Surviving Ankylosing Spondylitis: Family Events
We live with ankylosing spondylitis every day of our lives. We wake up with it, we eat meals with it, we watch TV with it, and we go to bed with it. One might say that ankylosing spondylitis is a member of our family. However, like your Aunt Edna who you wish would never visit, AS is not a family member we want to be around.
Combining AS with our regular family events is rarely easy. There are days we can’t get out of bed, let alone go to Grandma’s house for Easter supper. But, unlike activities with friends, which you might be able to postpone, it is usually impossible to get out of spending the day with family.
Surviving family events with ankylosing spondylitis is one of the trickiest minefields I try to negotiate. Just showing up is the tip of the iceberg. We need to navigate such obstacles as meals, playing with kids, and finding rest and relaxation.
These are some tips I have if you struggle with such things.
If you’ve read my article “I'm the Life of the Party,” you know I need to avoid dairy and sugar to avoid unnecessary pain and stiffness. I am also allergic to seafood and have recently discovered an aversion to pineapple. I'm sure anyone reading this also has one or two dietary choices or restrictions they need to observe. These are easy to deal with when you are at home cooking for yourself, but when Grandma is breaking out the family recipe book, anything goes!
Like I said, not eating what everyone is eating can be heartbreaking and might make you feel left out. But, unfortunately, when it comes to your health, you can’t make exceptions. That is why I try to make it clear what my needs are before the first cup of milk is put into the gravy. I ask what they are serving and if a dairy free option can be made. Changing the menu before dinner is put on the table will save you from appearing to be rude by not eating.
Secondly, if no exceptions can be made, I simply bring my own food. It’s not always easy to do, and you might get a few looks, but it’s worth it. If the family is eating pizza, I get wings, and the family knows they are my wings. When everyone is eating ice cream, I bring a sugar-free Jello cup. And, yes, it is awkward when I need to explain to a 3-year old that it is MY Jello.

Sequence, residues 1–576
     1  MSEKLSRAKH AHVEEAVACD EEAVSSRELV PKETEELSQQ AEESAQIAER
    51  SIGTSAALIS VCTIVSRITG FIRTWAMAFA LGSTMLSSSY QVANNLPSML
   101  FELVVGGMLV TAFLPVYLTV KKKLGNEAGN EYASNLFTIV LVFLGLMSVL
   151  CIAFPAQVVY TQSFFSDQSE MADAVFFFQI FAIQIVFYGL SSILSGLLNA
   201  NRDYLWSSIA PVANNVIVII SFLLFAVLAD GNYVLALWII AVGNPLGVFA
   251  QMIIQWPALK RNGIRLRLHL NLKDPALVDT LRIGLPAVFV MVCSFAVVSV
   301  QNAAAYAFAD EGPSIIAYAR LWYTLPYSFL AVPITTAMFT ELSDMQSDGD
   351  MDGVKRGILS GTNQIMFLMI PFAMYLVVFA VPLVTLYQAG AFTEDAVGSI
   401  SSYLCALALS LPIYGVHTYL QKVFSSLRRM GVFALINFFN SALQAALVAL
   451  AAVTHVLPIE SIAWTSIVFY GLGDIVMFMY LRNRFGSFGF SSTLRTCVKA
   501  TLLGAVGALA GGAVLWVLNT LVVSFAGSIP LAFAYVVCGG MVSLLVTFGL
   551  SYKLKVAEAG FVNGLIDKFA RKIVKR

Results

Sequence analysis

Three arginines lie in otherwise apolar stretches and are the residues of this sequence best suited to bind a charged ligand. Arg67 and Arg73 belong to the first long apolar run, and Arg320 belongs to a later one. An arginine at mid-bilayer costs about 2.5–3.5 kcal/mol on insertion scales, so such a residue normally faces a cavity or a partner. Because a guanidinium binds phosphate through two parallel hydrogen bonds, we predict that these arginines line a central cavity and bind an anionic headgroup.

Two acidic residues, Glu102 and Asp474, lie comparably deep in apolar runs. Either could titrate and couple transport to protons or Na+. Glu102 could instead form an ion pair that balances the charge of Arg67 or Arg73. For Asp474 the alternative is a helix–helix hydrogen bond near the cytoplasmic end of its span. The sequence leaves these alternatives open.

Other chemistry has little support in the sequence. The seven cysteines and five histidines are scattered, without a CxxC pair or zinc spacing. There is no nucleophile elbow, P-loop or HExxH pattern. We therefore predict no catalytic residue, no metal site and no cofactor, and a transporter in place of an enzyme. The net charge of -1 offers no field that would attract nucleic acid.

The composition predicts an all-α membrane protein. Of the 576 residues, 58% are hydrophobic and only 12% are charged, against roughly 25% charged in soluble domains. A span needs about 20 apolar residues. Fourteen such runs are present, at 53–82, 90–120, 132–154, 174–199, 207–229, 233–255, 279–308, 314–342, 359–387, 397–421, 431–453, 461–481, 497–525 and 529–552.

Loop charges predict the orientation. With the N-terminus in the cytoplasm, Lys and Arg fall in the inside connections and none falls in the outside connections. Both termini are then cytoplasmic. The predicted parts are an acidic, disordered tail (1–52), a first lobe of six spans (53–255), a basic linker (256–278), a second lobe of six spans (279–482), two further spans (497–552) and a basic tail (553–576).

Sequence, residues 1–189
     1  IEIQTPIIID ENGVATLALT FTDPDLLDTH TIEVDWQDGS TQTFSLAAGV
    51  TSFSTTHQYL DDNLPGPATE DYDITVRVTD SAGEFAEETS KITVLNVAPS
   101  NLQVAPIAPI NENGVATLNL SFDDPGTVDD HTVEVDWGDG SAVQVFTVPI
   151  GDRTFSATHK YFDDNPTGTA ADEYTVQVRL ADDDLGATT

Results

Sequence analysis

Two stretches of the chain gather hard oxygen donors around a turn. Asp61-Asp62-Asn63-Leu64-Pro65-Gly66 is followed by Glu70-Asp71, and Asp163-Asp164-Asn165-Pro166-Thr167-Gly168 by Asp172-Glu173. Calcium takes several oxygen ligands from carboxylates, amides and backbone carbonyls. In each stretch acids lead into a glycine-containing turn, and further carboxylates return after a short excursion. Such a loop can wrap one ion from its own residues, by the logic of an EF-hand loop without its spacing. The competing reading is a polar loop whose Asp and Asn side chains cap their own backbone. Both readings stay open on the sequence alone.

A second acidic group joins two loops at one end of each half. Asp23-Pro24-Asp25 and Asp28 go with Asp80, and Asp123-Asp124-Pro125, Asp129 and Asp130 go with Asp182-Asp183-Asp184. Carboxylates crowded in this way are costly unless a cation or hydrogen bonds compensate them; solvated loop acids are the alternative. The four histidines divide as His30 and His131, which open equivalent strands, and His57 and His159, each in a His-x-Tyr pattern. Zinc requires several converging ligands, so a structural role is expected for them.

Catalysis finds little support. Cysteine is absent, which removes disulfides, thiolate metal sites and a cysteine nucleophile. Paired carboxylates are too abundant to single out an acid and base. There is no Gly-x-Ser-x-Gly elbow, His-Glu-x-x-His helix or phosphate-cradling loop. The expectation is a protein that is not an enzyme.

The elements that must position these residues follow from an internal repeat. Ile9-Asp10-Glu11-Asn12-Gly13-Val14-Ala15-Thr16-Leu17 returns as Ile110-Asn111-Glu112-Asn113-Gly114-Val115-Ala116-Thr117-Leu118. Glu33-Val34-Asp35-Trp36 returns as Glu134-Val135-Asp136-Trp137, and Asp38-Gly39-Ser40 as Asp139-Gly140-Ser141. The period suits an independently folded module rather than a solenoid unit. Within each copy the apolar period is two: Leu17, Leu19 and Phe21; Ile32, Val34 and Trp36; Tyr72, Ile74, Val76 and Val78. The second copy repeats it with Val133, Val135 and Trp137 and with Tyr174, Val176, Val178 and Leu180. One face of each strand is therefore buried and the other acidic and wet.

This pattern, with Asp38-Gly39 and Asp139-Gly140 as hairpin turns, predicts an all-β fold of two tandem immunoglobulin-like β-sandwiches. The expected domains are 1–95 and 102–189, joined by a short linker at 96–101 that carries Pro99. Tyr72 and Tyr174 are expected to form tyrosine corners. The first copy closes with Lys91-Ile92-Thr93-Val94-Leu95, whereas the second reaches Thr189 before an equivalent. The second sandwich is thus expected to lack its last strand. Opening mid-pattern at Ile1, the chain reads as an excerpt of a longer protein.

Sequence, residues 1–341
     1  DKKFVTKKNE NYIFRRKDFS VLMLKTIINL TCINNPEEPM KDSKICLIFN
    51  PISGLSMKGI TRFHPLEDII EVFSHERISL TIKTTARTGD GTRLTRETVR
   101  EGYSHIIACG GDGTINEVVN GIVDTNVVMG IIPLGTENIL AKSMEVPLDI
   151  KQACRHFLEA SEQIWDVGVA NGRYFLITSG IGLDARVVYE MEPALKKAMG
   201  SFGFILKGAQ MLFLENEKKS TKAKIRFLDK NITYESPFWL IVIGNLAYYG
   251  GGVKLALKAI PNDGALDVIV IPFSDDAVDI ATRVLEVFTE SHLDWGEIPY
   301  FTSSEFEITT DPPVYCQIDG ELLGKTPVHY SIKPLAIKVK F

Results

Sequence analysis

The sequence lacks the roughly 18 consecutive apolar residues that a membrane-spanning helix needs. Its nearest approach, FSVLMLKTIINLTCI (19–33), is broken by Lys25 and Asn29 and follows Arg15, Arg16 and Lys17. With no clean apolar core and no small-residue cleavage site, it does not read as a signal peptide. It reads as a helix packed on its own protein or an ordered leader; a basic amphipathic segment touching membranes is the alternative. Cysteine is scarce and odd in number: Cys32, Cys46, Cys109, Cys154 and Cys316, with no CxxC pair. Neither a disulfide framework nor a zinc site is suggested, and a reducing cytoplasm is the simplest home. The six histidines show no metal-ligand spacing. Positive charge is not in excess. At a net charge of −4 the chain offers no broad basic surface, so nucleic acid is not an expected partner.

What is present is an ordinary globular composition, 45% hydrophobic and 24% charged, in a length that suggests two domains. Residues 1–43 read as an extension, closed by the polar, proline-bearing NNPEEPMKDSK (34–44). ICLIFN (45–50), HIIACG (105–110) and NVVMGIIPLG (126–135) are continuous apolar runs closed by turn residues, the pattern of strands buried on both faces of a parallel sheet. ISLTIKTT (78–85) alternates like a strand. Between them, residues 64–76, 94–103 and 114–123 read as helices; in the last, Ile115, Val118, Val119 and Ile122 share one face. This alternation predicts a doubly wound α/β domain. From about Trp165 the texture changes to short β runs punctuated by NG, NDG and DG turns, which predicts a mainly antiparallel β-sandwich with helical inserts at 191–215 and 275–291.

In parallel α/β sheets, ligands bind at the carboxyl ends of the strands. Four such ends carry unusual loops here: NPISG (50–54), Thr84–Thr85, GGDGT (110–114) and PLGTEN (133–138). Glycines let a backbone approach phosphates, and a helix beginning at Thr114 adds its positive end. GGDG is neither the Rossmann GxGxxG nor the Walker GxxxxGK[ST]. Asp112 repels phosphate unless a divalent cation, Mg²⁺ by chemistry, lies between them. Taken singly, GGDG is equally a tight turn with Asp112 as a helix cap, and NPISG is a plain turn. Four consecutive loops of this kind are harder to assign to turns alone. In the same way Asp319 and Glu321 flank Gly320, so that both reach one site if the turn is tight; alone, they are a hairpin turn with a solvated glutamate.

While we are on the topic of kids, let’s discuss how to protect yourself from the brood of youngins. I don’t know how it is for all y'all, but my nieces and nephews want to wrestle, get picked up, do flips, and climb me like a monkey on a coconut tree. And, I can’t tell you how much it breaks my heart that I can not let them do that. I’d love to be the big strong uncle who has no physical limits, but that is not me. If you have kids who need a little physical attention, I find it's best to have a clear cut policy of limitations.
A few years ago I instituted a “No Ups” policy. Even on my good days I will not pick them up (short of saving them from falling off a cliff). Yes, they are light, and I sometimes carry boxes that are 50x heavier, but when I put a box down, it’s down.
You know kids, once you put them down, they want to be picked up again! (If you can put them down in the first place) It’s the strain and the repetition that gets me on my good days and my policy protects me on my bad days. It’s important to have consistency with kids. Having a policy of “never” is easier than trying to explain the difference between good days and bad days. It’s not perfect, of course. I need to remind them every visit. But, for my mental and physical safety, I need them to understand “Uncle Elmo” can’t pick them up, so please don’t break my heart by asking.
Everyone with ankylosing spondylitis is different. We all have various limits of what we can do, and how long we can last in certain situations. Everything from the family touch football game, to just sitting and watching fireworks has its own list of potential issues. That is why when things get too much, it’s imperative to take breaks.
For starters, I would never be involved in a family touch football game, that is a limit I have right off the bat. But, when my pain is high, even loud talking can be too much. I try to find quiet spots where I can go to decompress. If everyone is inside, try going outside, and vice versa. A guest bedroom is a wonderful place to take a break. Or, in a pinch, the bathroom at the end of the hall that hopefully nobody needs to use.
Bring your own chair to outdoor activities. Don’t settle for sitting on the ground or standing. If your host doesn't have enough seating, it could save your back to plan ahead. And, like with everything, make it clear to everyone that it is your chair. It will save you from having to ask your cousin Phil to get up when your legs are about to give out.
Living with ankylosing spondylitis isn't a garden party. It’s painful, exhausting, and unpredictable. Unfortunately attending family events with ankylosing spondylitis isn't any easier. We need to manage everything these events throw at us while remaining as positive as we can. Hopefully these tips have helped you, and feel free to post your own in the comments. Together, we just might be able to survive our families!
Other than back pain and fatigue, what is the most common symptom that AS patients experience?